2024 marks a historic year for the North East, with the upcoming election of a new regional mayor who will play a key role in shaping our region’s future.

That figurehead will lead a new combined authority that stretches across Northumberland, Tyne and Wear, and Durham and will represent around two million people.

The multi-billion pound devolution deal negotiated with the Government for the North East hands the mayor significant funding and decision-making powers that the region has not held before, such as the ability to take public control over bus services.

Ahead of the mayoral election on May 2, we have asked all six candidates the same 10 questions to give voters a sense of both their policies and their personalities.

READ MORE: 10 questions with Liberal Democrat mayoral candidate Aidan King

Here, Tory candidate Guy Renner-Thompson has his say on creating jobs, his favourite pubs, and improving school standards.
Why should people care about the North East mayoral election? The North East has been leading Britain for centuries. Our new devolution deal, delivered by our Conservative Government, is the next chapter in our long story.

The deal unlocks over £4.2 billion of investment and transfers power from London to local leaders like me with real knowledge of what our communities need and want. The mayor will have massive powers over taxes and spending on important areas like transport, housing and the economy. But just as importantly they will be the figurehead for the region who will travel the world touting for business for the North East.
If you could do one thing as mayor to improve people’s lives, what would it be? Jobs, jobs and more jobs. There is no better way out of hardship for families than secure, well-paid employment. The devolution deal is 48 pages long but it can be summed up in four words. Make. North. East. Richer. My whole plan revolves around making the region the home of the jobs of the future. We’ve seen the Tees Valley under Ben Houchen power ahead of the rest of the North East in job growth. We need a strong leader too who will focus our economy.
What is your favourite place in the North East, and why? Any pub that sells Guinness. The people are the best thing about the North East and there is nothing I love more than sitting in a pub on a weekend with friends or strangers putting the world to rights.
What is (or was) your day job outside of politics? I have my own small building company. I started it in 2019 doing house renovations and now we’re building new-build homes. I project manage and jump on the tools when needed but as we get bigger, I rely more and more on the fantastic self-employed tradesmen we have in the region. Being self-employed means I’m lucky enough to have the time to take part in politics, and it shapes my policies like grants for small businesses and being against the Clean Air Zone charges.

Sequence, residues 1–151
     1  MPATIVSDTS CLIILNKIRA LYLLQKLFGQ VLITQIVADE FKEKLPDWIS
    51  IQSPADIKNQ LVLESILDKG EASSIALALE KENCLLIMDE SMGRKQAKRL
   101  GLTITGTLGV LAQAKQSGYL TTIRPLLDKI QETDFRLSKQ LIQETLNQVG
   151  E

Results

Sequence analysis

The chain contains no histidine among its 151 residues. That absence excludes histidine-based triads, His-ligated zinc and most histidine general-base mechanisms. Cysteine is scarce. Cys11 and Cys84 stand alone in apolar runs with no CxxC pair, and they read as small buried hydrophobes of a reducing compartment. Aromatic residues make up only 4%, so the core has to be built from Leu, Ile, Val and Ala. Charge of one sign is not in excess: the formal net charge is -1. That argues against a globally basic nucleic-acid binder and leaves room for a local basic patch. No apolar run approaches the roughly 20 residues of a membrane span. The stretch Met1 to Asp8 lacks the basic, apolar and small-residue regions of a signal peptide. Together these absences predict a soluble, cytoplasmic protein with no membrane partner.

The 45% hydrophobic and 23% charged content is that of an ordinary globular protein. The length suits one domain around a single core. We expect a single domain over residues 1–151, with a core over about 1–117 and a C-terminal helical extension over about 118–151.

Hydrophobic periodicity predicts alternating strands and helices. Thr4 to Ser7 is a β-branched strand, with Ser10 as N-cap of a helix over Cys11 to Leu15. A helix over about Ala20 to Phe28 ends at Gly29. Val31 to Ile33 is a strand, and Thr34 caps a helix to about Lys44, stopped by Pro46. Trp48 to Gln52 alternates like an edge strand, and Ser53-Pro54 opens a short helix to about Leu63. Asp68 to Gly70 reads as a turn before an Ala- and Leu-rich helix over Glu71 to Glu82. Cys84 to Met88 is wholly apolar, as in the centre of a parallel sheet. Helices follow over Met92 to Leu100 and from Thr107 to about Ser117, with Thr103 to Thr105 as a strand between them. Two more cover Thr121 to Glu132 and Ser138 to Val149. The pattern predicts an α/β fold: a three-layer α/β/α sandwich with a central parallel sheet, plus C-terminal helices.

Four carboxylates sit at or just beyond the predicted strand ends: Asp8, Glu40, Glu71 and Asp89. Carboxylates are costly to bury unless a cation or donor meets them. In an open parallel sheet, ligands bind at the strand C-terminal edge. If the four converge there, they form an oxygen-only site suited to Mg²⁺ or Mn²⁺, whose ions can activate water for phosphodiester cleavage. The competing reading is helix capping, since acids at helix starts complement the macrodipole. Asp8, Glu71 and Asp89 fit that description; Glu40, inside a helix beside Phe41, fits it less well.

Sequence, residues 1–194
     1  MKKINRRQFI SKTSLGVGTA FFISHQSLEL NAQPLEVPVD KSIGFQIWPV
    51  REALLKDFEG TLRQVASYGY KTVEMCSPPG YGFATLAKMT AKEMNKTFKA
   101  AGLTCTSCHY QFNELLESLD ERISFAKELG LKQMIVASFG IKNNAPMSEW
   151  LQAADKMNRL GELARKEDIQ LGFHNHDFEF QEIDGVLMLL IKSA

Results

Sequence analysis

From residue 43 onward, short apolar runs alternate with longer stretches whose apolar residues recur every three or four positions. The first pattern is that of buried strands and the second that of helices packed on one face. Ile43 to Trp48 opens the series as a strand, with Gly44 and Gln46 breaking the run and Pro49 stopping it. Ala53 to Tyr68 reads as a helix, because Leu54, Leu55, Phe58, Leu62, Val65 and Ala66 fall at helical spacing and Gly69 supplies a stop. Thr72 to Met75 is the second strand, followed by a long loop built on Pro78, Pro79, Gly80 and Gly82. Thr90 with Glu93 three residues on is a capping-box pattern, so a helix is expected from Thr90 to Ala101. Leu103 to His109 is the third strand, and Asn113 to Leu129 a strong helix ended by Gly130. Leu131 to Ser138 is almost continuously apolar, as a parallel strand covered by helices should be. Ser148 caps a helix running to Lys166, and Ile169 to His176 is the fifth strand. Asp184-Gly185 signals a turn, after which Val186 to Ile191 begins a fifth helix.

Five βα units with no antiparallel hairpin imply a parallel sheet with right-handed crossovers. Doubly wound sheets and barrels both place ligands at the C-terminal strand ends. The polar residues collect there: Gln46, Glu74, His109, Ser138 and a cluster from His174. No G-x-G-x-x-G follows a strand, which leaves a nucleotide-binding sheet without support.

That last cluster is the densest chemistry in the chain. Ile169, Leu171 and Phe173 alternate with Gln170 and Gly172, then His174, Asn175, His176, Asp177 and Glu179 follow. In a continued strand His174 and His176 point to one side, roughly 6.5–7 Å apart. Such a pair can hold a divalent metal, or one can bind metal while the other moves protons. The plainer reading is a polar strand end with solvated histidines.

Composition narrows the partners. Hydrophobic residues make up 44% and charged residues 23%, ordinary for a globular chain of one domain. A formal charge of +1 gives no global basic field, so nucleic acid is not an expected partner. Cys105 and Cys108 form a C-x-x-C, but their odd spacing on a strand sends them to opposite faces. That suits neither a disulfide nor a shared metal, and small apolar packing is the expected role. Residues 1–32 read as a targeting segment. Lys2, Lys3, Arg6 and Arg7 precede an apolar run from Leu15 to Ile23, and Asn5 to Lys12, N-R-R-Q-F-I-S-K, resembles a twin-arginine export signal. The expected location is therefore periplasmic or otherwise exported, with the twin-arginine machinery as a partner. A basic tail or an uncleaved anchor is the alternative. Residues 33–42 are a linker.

What is your proudest achievement in your political career so far? As the councillor responsible for education in Northumberland I’ve overseen our schools climbing the league tables. When we took over the council from Labour in 2017 only 76 per cent of schools were being rated ‘Good’ or ’Outstanding’. Now that figure is 95 per cent. I’m really proud of this because a good education is the foundation for young people to have a good start in life and, in some cases, break the cycle of families who might have been on benefits for more than one generation.
Other than becoming the North East Mayor, what would your dream job be? I spent my teenage years in the Army Cadets and I always wanted to go into the Army or the Royal Navy. Unfortunately I was diagnosed with Crohn’s disease when I was 17 which scuppered that. I love travelling, so my dream job now would be a pilot or a ship’s captain.
Who is your role model in life?  My dad.
If you could ban one thing in the North East, what would it be? I don’t like banning things, people should be allowed to get on without endless preaching about how they should live their lives. I will always take more powers from London but never seek to take them away from people and their local communities.
If you could erect a statue somewhere in our region, who would it commemorate? Sir John Hall. To be the son of a miner from Ashington to go onto build the Metrocentre and own and be a driving force in Newcastle United. That makes him a role model for young boys and girls across the North East that says we can be successful and make it in the world.
If you didn’t win the mayoral election, which of the other candidates would you most like to win? None of the above. Only I have the plan and vision to push the North East forward and realise our full potential.